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Not your mother's hip surgery

Arthritis Today—August 16, 2017

In a feature story by Arthritis Today, HSS hip and knee surgeon Michael B. Cross, MD and HSS surgeon-in-chief emeritus Thomas P. Sculco, MD discussed recent medical advancements in hip replacement surgery.

In the past, most patients underwent general anesthesia for surgery. Dr. Sculco said that now "we use epidural or spinal anesthesia and rarely if ever general anesthesia. This makes a huge difference in patient rapid recovery." The use of regional anesthesia decreases the need for pain medication, and helps patients start physical therapy on the same day of surgery.

Another advancement is that surgeons make smaller incisions during surgery today than what was done in the past. Surgeons use smaller incisions to avoid damaging muscle so patients can recover more quickly said Dr. Cross.

"It’s not the approach that leads to the rapid recovery, it’s the surgeon, the pain control, the implant choices," he added.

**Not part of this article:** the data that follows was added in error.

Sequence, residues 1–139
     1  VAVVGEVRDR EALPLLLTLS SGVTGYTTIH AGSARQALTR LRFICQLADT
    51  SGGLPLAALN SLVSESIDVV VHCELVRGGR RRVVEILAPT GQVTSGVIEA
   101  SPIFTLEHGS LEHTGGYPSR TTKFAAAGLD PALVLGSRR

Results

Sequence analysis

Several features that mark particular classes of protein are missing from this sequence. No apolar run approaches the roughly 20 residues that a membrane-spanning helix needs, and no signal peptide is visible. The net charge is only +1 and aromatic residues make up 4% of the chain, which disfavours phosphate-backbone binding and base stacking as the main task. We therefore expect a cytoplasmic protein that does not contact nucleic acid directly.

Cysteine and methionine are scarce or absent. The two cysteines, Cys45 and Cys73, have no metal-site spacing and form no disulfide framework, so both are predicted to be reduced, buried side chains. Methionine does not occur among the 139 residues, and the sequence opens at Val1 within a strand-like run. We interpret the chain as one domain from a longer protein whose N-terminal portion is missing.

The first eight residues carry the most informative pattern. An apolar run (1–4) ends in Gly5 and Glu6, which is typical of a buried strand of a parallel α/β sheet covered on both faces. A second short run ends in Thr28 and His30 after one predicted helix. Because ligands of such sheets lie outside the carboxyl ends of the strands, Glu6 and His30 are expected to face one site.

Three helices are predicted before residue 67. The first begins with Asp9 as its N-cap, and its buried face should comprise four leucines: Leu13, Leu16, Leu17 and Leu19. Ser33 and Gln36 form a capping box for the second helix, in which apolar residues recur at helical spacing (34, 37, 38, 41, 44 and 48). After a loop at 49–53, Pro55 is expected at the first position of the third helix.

Additionally, better plastics, such as highly cross-linked polyethylene, have made implants last longer. Dr. Sculco noted that the new plastic coatings of the hip implant encourage the bone to integrate with the implant surface and improve fixation.

Patients of Dr. Cross were featured in the article and shared their positive experiences with hip replacement surgery.

Mark Donovan said he needed both of his hips replaced after developing bone-on-bone osteoarthritis. After each surgery, Donovan was able to get out of bed right away. "From the time I woke up…they had me out of bed, and I walked maybe 100 yards with a walker in the recovery room." Mr. Donovan was back to work within 10 days.

Another patient, Elizabeth Walters, said she also was able to get up right away after hip replacement surgery. "Even the first time you get up, that bone-on-bone pain you’ve been living with is gone." Two months after surgery, Ms. Walters was walking two miles a day.

Raymond Carr experienced so much hip pain that he wasn’t able to sleep.  After his hip replacement, "the pain level was very manageable". Within six weeks, he was back to walking up seven flights of stairs to his office and playing a round of golf.

Dr. Cross noted that all of the medical advances combined have led to a better patient experience for joint replacement.

This article appears in the October 2017 print issue.

 

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